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Apple House Cinnamon Doughnuts

Updated September 07, 2017
Apple House Cinnamon Doughnuts
Apple House Cinnamon Doughnuts
This image courtesy of Robert Knapp

Editor's Note: This fall, bring the classic taste of apples to your breakfast table with this recipe for Apple House Cinnamon Doughnuts. Using cinnamon, nutmeg, and even rice milk and dairy-free margarine, you'll be able to whip up a batch of doughnuts that will be perfect for breakfast, snacks, and even dessert. Just don't expect any leftovers when you set out a tray of these doughnuts! Whether you're looking for a recipe that does not use allergens or simply want to try a new take on the classic recipe, these doughnuts are sure to delight. If you're serving these doughnuts for brunch, you can even add the author's recipe for Pancakes to the menu.

The Apple Haus, in Long Grove, Illinois, serves delicious apple cider doughnuts and apple pies. We stopped going there long ago because of John’s allergies, but I never forgot how much I loved those doughnuts. I was determined to develop a recipe that closely matched those sweet and sugary treats. This recipe is the result of that mission, and it is fabulous. My son was so excited-not only could he have a doughnut for the first time in his life, but his were just as good as those at the Apple Haus.

Serves12 doughnuts and 12 holes

Cooking MethodFrying

CostInexpensive

Easy

Total Timeunder 1 hour

Kid FriendlyYes

OccasionFamily Get Together

MealBreakfast, Brunch

Taste and TextureLight, Spiced, Sweet

Type of DishDessert

Ingredients

  • Vegetable oil, for frying
  • ¾ cup unsweetened applesauce
  • 2 teaspoons vanilla extract
  • ¾ cup granulated sugar
  • 3 tablespoons dairy-free margarine, melted
  • 4½-4¾ cups unbleached all-purpose flour
  • 3½ teaspoons baking powder
  • 1 teaspoon ground cinnamon
  • ½ teaspoon ground nutmeg
  • ½ teaspoon salt
  • 1 cup soy or rice milk
  • ½ cup granulated sugar
  • 2 teaspoons ground cinnamon

Instructions

  1. In a large, heavy pot, heat 2 to 3 inches of vegetable oil until a candy thermometer inserted in the oil reaches 375 degrees F.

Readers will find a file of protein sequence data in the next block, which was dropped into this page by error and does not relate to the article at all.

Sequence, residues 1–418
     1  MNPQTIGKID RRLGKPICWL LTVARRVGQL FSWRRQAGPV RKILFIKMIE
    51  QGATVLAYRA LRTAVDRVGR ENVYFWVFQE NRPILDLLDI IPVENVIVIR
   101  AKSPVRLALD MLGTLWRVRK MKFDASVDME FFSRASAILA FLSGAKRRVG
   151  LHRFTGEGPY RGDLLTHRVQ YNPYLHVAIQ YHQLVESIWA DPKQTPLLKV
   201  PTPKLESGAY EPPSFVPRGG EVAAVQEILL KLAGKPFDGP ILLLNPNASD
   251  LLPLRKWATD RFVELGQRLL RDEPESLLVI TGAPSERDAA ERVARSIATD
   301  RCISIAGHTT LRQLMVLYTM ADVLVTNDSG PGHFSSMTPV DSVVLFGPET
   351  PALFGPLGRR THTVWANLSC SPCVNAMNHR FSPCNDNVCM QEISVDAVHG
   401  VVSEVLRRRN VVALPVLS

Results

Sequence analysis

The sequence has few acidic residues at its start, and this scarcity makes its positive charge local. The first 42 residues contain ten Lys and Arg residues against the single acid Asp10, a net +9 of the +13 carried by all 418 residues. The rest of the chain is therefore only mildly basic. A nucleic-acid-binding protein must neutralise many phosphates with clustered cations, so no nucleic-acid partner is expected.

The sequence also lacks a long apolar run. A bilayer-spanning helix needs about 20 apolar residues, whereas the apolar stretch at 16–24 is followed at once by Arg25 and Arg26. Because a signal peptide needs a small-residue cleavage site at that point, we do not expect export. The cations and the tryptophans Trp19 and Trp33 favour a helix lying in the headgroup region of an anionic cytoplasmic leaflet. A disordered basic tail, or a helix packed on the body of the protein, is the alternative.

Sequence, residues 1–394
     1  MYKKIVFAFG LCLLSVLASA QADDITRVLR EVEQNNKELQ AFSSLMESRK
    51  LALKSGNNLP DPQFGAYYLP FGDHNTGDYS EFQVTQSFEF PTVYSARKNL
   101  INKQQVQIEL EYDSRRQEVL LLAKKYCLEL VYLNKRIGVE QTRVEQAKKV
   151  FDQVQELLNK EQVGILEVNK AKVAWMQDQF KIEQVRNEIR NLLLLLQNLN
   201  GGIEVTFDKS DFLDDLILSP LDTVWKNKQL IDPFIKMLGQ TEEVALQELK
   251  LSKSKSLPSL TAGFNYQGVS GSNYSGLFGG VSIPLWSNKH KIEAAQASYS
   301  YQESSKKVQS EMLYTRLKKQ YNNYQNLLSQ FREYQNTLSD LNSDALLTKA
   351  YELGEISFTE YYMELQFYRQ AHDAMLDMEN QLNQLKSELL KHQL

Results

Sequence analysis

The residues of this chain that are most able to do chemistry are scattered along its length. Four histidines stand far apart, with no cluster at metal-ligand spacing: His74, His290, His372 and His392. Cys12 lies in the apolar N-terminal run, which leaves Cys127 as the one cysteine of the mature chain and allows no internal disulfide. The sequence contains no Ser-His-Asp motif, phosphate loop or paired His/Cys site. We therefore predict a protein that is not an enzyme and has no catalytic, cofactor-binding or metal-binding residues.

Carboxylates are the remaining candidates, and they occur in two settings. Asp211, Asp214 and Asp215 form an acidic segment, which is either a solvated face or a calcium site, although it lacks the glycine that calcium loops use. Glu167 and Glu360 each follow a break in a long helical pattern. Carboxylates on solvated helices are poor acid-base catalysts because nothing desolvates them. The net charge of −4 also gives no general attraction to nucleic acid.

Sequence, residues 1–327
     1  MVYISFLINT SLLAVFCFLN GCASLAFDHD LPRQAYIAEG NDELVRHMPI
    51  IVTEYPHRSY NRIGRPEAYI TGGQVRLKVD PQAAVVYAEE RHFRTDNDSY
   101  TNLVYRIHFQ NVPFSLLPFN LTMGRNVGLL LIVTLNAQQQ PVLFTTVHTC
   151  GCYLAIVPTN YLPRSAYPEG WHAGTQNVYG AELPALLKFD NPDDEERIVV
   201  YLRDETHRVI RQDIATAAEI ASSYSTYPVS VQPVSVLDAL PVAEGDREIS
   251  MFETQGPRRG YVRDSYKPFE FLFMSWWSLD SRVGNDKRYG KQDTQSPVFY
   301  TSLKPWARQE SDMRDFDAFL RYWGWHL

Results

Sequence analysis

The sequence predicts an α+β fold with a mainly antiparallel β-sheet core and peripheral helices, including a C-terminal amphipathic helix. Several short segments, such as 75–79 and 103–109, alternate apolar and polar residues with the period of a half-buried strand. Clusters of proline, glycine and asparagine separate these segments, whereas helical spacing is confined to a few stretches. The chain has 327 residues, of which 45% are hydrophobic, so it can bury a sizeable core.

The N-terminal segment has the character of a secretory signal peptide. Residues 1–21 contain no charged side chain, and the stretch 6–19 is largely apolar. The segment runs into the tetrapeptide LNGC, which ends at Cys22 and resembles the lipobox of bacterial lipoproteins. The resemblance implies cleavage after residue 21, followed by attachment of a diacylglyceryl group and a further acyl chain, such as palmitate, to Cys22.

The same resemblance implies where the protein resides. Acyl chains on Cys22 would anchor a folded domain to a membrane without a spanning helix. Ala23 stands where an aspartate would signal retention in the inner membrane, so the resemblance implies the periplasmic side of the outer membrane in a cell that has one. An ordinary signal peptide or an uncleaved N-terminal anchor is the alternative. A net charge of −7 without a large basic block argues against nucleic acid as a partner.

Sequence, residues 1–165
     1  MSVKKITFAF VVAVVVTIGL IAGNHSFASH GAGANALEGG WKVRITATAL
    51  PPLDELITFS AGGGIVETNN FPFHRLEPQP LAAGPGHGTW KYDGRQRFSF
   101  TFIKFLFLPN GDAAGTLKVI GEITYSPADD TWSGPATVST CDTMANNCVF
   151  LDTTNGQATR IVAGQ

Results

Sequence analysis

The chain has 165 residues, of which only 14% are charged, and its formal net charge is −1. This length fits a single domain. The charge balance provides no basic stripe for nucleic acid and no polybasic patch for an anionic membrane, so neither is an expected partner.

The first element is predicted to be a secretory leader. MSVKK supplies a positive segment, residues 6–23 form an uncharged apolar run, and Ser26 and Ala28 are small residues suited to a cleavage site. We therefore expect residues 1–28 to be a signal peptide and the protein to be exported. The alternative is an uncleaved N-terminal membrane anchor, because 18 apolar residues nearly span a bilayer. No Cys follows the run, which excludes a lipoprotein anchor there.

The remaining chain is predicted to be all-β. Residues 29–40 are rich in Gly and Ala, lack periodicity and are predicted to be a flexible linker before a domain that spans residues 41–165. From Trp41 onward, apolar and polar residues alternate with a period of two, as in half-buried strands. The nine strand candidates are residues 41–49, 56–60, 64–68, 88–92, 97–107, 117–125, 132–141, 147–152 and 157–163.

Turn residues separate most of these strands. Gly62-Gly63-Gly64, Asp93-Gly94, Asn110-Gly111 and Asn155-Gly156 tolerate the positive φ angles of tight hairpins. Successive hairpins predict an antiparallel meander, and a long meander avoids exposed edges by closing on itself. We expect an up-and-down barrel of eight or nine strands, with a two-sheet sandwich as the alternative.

2. Meanwhile, in the bowl of a stand mixer fitted with the paddle attachment, combine the applesauce, vanilla, and ¾ cup sugar. Add the margarine, and mix well. In a separate medium bowl, combine the 4½ cups flour, baking powder, 1 teaspoon cinnamon, nutmeg, and salt with a wire whisk. Add the flour mixture and the soy milk alternately to the applesauce-margarine mixture. Add more flour, if needed, to make a smooth and not-too-sticky dough.

  3. Transfer the dough to a lightly floured board. Knead for about 1 minute, and roll out to a ½-inch-thick circle. Dip a doughnut cutter into flour, and cut into the dough. Remove the trimmings and reroll, repeating the process.

  4. Slide a few doughnuts into the hot oil, being careful not to crowd the pot. Fry until the doughnuts rise to the surface, about 2 minutes, and turn over with metal tongs to fry the other side. Doughnuts should be golden brown on both sides. Lift out the doughnuts with metal tongs and drain on paper towels.

  5. Mix together the ½ cup sugar and the 2 teaspoons cinnamon. Place the cinnamon-sugar mixture in a brown paper lunch bag. Place the warm doughnuts, one at a time, in the brown bag, and shake to coat. Shake off excess sugar, and place on a serving platter. Repeat with remaining doughnuts.

Notes

If you don’t have a doughnut cutter, use a 3-inch biscuit cutter instead. To make the doughnut holes, use an empty, sterilized round medicine bottle without the cap. Poke the hole in the middle of the circle, and down the hole will pop. This is a time-tested trick I learned from my mom.

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We used to make these tasty donuts as a kid for cold winter mornings when you just could not shovel in another bowl of oatmeal. We loved when mom made them, and she always had a variety of toppings to keep them varied. I like the addition of the applesauce. My mom makes applesauce cookies and they are so tasty and moist.

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